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     What did I remember about you?
     Do I have a sense of your intellect?
 Don’t force yourself to write about something profound .
 Don’t use clichés. If we are what we eat, we are also what we write.
 Don’t write a McEssay – 5 paragraphs of abstractions and unsupported generalizations. Example: “I have been a member of the band and it
    has taught me leadership, perseverance, and hard work.” Technically correct, but boring. Big Macs taste the same anywhere in the world.
 Don’t try to impress readers with big words. Don’t use a thesaurus and end up sounding pretentious. Read your essay aloud to someone who
    knows you and make sure it is your voice coming through.

 Boyfriend trauma
 One thing people don’t know about me is…..
 Sports as a metaphor for life. However, if street basketball changed your life, that’s different.
 Religion, unless applying to a religious school
 I date the Homecoming Queen and throw the best parties at SHHS! This student had a 4.0 and earned a presidential scholarship to a major
    university… after he changed his topic.
 Your drug use – Even if you overcame it, don’t write about it
 Your sex life – This will not make readers cry. It might embarrass them.
 Your time in jail – Admissions staff wants a safe environment.
 Your Heroism – This becomes a bad topic when the essay is self-absorbed and arrogant.
 One-track social, religious or political lectures
 Woe is Me – certain topics have no place in college essays. Depression, suicide attempts, etc. might make your reader uncomfortable and/or
    make them wonder how ready you are for academic rigor.
 The travel journal – Colleges like students who have traveled, but it is a very common topic and should be an analysis of a single, meaningful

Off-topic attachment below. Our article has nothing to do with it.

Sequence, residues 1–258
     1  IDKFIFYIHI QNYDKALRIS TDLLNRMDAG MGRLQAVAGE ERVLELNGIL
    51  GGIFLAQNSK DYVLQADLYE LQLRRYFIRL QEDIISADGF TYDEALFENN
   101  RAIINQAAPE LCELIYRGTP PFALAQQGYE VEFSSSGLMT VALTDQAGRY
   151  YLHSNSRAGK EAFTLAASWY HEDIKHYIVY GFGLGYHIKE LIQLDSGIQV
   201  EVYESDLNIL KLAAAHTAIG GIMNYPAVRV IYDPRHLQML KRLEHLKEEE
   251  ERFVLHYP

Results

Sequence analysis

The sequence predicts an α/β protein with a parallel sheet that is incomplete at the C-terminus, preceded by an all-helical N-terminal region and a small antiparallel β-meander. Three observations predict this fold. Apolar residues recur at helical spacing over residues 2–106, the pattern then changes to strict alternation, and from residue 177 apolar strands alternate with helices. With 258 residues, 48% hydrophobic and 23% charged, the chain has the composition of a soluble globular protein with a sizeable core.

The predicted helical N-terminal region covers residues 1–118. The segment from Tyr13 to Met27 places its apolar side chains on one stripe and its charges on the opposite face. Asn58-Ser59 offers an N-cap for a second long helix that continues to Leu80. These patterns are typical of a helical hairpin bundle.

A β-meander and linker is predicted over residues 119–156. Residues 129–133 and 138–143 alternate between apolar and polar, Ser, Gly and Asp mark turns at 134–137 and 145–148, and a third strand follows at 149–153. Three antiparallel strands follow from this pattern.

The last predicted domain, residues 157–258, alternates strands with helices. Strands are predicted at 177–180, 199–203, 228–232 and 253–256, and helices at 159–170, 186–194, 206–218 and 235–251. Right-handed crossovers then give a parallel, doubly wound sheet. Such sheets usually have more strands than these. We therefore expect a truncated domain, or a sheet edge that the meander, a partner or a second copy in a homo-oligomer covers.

travel experience, not a travelogue.
 The Comedy Routine - Your essay should reveal your sense of humor, but within good writing, not as the point of your essay.
 Excuses – Don’t use the essay to explain away bad grades. Tell the college about your personal/financial, etc., problems, but not in your
 Your list of accomplishments – There is space on the application for your resume. Don’t repeat them in your essay.

                                                            BRAG SHEET QUESTIONS

1.   Are there any circumstances in your life that might have had a negative effect on your grades?

2.   Are there any factors about the SAT scores you would like to address?

3.   What are your proudest accomplishments?
          Academic:

             Personal:

4.   Give five descriptive adjectives that tell something about you as a persion.

5.   Take one adjective and give an example of how it describes you.

6.   What extracurricular activity has been most important to you? Why?

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7.   What job/volunteer work experience has been particularly meaningful? Why?

8.   Have you formulated a career choice or college major at this time? If so, what is it?

9.   If you were to put a quotation about yourself in the yearbook, what would it say?

10. What is the best advice you have ever received?

11. How would you like your classmates to remember you?

12. Is there any other information you would like to share?

Pages 13-14 (Brag Sheet) Adapted from: “Senior Brag Sheet.” Guidance. Ledyard High School.2012.Web.1 September 2012.

                                                           SENIOR INFORMATION SHEET

                          [Use headings for sections that apply to you. List in chronological order, most recent first]

       Academic GPA (6 semesters)                                                 Include Results Only If Taking The Test
Unweighted              Weighted                        ACT                   SAT Reasoning Test                  SAT Subject Tests

FUTURE GOALS (Possible careers, colleges applying to, and possible majors):
I plan to attend Santa Rosa Junior College in the fall and transfer to a four-year college. I will determine my major after exploring my opportunities in
the subject areas that interest me.
   Examples                                                                   OR
   only:          I plant to attend a four-year university to major in engineering and pursue a career as an Electrical Engineer. I intend to apply to UC
                  Santa Barbara, CSU Long Beach, or Chapman University.
     Pick one                                                                 OR